Pete McCarthy's style quickly reminded me of America's P. J. O'Rourke, who has made a significant contribution to humorous travel writing. McCarthy is English-Irish and his affinity for his roots shows through his writing. He looks for and finds humor in the little things about travel - talk radio, second-hand cars, hitch hikers, tourist traps, off-the-beaten-path finds, bad food, good company, pleasant and unpleasant surprises, nosy hoteliers, apparent (to McCarthy and the reader, at least) ironies, rapid changes in the weather, obnoxious tourists, embedded cultural curiosities, and, well, you get the picture.
For an American reader, some of the history, terms, and geographic references are not unexpectedly foreign. Some humor and lessons are lost in the 'translation'. And McCarthy is pretty hard on American tourists in Ireland, although not noticeably harder on them than on other foreigners searching for quaint elements of Irish tradition or cheap land to buy. Hippies, yuppie Englishmen, rich Germans, and other demographic and ethnic groups earn his disbelief and, often, mild contempt. He catalogs the changes he has seen in Ireland in his lifetime, and many of them are not pretty. The Celtic Tiger has lost some of its charm and sold out some of its character to tourism and those eager to buy inexpensive land.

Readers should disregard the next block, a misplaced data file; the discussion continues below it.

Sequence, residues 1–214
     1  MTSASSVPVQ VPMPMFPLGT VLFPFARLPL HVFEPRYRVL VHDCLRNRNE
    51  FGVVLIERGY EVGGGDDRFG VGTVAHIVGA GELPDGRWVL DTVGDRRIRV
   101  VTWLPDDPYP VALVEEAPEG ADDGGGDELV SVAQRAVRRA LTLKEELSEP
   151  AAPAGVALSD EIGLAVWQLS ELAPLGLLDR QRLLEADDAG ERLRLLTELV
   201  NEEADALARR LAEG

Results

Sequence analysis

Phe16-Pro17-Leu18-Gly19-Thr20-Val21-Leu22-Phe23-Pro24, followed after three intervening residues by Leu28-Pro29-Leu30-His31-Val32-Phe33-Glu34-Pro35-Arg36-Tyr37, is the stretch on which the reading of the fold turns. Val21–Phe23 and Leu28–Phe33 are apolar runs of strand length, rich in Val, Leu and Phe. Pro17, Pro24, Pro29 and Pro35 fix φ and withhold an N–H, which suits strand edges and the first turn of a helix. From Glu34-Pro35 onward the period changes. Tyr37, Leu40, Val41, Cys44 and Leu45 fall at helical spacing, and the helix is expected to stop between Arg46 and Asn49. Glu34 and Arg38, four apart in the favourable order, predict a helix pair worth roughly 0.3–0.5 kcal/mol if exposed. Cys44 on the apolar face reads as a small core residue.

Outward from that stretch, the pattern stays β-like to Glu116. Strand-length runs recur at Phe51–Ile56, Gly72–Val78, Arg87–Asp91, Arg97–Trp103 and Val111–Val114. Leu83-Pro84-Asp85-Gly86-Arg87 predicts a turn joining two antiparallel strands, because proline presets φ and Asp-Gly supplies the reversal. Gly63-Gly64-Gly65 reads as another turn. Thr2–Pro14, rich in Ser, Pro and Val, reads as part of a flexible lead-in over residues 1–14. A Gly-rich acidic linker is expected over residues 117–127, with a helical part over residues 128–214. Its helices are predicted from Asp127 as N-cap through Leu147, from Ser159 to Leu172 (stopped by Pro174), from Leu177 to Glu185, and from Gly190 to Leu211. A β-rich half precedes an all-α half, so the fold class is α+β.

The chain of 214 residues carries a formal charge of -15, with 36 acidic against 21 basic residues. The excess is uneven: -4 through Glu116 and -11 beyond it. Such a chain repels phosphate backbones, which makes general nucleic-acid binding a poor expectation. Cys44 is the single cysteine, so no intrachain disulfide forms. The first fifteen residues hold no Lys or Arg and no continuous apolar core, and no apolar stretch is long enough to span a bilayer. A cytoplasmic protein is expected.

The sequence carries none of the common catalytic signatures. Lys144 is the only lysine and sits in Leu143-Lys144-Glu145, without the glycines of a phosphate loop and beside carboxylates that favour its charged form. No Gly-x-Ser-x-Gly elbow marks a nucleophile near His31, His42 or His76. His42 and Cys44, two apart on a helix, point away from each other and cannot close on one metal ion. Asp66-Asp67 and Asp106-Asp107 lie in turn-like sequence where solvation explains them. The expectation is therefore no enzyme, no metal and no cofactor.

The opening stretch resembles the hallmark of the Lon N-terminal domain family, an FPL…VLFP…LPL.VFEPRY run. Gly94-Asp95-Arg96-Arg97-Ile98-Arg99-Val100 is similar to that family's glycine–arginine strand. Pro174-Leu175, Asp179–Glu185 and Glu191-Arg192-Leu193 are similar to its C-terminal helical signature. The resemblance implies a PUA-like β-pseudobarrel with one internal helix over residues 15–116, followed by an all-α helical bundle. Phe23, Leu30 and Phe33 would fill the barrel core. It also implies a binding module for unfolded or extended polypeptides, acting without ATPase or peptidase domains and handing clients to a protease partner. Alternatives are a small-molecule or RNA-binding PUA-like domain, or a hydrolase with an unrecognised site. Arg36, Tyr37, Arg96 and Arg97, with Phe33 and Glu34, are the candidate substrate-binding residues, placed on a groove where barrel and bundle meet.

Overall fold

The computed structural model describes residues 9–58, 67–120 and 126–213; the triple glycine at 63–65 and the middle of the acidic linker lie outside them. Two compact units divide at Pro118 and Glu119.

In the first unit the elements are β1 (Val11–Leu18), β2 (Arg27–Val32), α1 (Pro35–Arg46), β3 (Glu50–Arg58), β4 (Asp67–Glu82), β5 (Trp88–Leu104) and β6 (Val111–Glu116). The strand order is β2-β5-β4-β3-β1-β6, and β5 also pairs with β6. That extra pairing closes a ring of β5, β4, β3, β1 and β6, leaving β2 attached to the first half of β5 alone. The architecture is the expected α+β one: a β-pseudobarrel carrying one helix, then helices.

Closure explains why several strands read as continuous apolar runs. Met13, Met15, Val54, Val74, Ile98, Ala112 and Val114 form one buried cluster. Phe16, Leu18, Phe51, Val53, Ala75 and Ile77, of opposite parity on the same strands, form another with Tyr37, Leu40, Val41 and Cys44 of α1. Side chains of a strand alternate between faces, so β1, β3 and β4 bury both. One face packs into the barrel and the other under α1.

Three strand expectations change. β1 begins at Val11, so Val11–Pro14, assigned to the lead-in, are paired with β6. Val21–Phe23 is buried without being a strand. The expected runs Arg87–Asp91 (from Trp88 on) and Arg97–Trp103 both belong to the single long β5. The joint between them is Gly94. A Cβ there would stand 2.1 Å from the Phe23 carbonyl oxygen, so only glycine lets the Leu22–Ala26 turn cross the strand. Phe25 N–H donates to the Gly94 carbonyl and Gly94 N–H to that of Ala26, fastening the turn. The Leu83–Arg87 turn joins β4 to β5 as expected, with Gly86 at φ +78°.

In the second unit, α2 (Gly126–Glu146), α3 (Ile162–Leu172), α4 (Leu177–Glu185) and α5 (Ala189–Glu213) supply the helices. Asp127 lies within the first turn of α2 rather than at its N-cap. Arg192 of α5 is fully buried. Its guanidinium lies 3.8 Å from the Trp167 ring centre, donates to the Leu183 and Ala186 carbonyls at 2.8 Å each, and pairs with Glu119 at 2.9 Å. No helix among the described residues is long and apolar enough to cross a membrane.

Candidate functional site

Consistently observant, funny and insightful, my one, major negative from the book is that it left me much less likely to visit Ireland. There may still be a chance to save the country from foreign invaders, so I'll do my part.